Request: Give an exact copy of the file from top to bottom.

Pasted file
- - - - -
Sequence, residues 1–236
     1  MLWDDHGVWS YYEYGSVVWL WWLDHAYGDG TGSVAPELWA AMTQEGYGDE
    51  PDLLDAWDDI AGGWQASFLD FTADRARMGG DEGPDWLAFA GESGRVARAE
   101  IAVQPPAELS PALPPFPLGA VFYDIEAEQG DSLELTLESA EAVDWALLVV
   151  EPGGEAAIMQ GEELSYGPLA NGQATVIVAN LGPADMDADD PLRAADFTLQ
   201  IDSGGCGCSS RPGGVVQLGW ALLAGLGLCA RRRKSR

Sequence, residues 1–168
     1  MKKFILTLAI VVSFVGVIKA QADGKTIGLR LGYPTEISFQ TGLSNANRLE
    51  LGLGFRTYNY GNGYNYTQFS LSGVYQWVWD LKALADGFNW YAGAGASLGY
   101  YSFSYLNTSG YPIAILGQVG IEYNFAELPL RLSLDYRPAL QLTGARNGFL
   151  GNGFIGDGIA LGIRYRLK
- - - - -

Sequence, residues 1–236
     1  MLWDDHGVWS YYEYGSVVWL WWLDHAYGDG TGSVAPELWA AMTQEGYGDE
    51  PDLLDAWDDI AGGWQASFLD FTADRARMGG DEGPDWLAFA GESGRVARAE
   101  IAVQPPAELS PALPPFPLGA VFYDIEAEQG DSLELTLESA EAVDWALLVV
   151  EPGGEAAIMQ GEELSYGPLA NGQATVIVAN LGPADMDADD PLRAADFTLQ
   201  IDSGGCGCSS RPGGVVQLGW ALLAGLGLCA RRRKSR

Sequence, residues 1–168
     1  MKKFILTLAI VVSFVGVIKA QADGKTIGLR LGYPTEISFQ TGLSNANRLE
    51  LGLGFRTYNY GNGYNYTQFS LSGVYQWVWD LKALADGFNW YAGAGASLGY
   101  YSFSYLNTSG YPIAILGQVG IEYNFAELPL RLSLDYRPAL QLTGARNGFL
   151  GNGFIGDGIA LGIRYRLK